Weak signals bring messages from the future

Weak signals help us see the present more precisely and build better futures.
Teemajutun kuvitus, kuva: Noora Typpö
The illustration of the article has been created by Noora Typpö, a student of visual communication design.

This year has changed our view of the world with unprecedented speed. The coronavirus shut down offices, universities and national borders as well as taught us to keep our distance from one another, disinfect our hands and handle meetings via video link.

The global pandemic came across as a sudden and completely unpredictable upheaval.

But was it really so surprising after all?

Perhaps the consequences of the coronavirus felt so sudden because we failed to notice the weak signals that presaged the waves of sickness flowing from one country to the next.

Virus researchers have been sounding warnings about diseases of animal origin that humans have no resistance to for a long time. For example, the SARS virus that appeared twenty years ago came from bats, while swine flu originated in pigs a decade ago.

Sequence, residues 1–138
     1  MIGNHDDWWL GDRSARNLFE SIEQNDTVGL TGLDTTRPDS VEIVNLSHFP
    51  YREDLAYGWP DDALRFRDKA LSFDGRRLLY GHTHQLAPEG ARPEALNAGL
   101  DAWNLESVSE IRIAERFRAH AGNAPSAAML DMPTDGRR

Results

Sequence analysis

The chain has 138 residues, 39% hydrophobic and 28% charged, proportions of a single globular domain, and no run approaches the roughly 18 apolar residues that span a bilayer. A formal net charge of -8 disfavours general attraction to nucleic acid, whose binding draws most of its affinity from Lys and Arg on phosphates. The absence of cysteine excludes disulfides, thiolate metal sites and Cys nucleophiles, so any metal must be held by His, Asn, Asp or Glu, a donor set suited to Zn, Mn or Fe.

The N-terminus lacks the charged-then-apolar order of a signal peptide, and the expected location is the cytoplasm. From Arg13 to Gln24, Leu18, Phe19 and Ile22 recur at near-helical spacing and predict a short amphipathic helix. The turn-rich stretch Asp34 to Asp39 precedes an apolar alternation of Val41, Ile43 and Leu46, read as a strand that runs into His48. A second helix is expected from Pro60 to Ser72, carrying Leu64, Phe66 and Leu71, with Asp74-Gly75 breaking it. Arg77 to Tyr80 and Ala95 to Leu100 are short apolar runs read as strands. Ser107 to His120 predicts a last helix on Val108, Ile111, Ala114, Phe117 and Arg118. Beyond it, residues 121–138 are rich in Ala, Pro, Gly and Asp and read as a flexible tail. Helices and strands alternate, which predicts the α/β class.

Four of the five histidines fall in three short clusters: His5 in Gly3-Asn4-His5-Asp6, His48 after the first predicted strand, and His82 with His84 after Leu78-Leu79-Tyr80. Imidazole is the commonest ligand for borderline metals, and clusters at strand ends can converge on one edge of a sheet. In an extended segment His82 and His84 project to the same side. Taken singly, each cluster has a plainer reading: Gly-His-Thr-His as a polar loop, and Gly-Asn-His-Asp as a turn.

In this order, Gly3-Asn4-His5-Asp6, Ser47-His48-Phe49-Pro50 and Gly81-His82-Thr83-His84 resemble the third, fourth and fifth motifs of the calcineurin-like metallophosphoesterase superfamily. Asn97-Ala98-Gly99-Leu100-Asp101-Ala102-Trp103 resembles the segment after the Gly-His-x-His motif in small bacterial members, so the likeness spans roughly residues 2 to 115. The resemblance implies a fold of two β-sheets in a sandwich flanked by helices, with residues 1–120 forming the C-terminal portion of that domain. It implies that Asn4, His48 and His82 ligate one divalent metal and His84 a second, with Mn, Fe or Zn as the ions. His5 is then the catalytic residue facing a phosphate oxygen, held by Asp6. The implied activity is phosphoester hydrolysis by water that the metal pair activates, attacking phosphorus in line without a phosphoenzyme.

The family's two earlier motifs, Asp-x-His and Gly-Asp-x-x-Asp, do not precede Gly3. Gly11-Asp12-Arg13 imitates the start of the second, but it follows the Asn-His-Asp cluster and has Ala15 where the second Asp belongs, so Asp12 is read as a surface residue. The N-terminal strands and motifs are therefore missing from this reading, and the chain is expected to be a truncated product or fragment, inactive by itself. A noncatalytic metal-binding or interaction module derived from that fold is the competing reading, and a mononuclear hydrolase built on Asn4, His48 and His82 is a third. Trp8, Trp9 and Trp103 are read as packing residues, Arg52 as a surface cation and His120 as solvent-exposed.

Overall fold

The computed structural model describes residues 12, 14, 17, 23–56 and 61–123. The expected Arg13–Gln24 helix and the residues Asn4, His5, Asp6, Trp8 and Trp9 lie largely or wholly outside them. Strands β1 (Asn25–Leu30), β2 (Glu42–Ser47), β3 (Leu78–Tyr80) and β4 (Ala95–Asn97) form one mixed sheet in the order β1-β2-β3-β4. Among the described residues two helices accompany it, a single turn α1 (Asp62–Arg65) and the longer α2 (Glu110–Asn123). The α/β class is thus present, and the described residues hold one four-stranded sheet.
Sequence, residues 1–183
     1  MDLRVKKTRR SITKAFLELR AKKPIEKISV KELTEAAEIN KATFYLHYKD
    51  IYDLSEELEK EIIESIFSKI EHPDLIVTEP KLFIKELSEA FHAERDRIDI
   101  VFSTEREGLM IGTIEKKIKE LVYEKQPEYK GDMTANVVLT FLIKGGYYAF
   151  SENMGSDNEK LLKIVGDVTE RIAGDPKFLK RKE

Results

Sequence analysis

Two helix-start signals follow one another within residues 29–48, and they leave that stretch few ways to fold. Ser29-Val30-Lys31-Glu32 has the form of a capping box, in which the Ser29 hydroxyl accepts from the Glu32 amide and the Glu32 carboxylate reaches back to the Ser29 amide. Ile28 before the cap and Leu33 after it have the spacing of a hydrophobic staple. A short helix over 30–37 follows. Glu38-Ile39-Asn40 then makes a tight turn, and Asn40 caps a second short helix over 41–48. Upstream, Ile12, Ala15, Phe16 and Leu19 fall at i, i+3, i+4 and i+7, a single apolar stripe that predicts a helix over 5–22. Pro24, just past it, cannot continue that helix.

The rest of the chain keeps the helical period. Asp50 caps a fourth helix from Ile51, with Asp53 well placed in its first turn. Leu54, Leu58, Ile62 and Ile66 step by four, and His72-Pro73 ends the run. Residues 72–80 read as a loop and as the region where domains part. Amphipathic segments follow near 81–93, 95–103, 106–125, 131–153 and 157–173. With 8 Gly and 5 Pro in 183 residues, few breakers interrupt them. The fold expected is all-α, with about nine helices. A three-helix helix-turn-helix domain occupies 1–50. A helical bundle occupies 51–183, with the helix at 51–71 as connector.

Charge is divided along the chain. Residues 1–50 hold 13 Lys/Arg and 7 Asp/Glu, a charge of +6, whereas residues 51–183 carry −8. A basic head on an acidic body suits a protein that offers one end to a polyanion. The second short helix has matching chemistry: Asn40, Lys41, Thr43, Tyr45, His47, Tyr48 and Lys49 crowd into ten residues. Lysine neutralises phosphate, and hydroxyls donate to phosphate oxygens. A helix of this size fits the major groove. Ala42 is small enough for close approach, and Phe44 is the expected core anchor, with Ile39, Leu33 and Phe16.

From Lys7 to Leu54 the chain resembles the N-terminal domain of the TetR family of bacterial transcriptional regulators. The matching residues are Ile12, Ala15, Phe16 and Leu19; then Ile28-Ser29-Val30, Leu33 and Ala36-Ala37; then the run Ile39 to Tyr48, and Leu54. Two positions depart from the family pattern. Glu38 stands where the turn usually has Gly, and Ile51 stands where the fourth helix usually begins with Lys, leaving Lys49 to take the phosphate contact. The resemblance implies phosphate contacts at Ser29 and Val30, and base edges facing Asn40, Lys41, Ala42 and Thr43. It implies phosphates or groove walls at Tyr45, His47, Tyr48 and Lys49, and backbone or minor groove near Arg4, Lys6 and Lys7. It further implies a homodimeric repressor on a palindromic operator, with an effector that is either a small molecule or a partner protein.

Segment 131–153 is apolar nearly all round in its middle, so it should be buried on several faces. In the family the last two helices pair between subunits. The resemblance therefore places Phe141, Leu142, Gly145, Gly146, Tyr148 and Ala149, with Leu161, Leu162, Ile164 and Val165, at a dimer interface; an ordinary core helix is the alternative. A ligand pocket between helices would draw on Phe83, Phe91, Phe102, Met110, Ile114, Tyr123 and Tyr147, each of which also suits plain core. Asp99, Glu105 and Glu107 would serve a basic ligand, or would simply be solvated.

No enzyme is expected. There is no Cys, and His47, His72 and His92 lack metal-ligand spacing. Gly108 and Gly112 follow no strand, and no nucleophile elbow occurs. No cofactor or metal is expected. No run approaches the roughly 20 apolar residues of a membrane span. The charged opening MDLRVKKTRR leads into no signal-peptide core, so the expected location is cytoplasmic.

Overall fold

Trade in wild animals at Chinese food markets has been considered risky. In addition to population growth and urbanisation, the threat has grown because of mass tourism, which helps dangerous viruses travel from one country to another at the speed of a jet aircraft.

In a sense, it was only a matter of time before an epidemic started spreading from a wet market selling live animals. 

Hints about future changes that manifest themselves in the present, but are easily overlooked, are what futurologists refer to as weak signals.

‘A weak signal is the first symptom of a possible change,’ says futurist Mikko Dufva.

Weak signals stimulate thought

The best known concepts of futures studies include the megatrend, which refers to colossal changes like digitisation and climate warming, as well as trend, which is used to describe lesser development tendencies.

Although megatrends affect both entire nations as well as individual citizens, sketching out the future relying solely on them would result in incorrect predictions. Sticking to known phenomena alone narrows our conception of the future too much.

Dufva, who works as the Leading Foresight Specialist at the Finnish Innovation Fund Sitra, says that this is precisely where weak signals show their strength. They broaden our view of what kinds of building blocks reality is made of.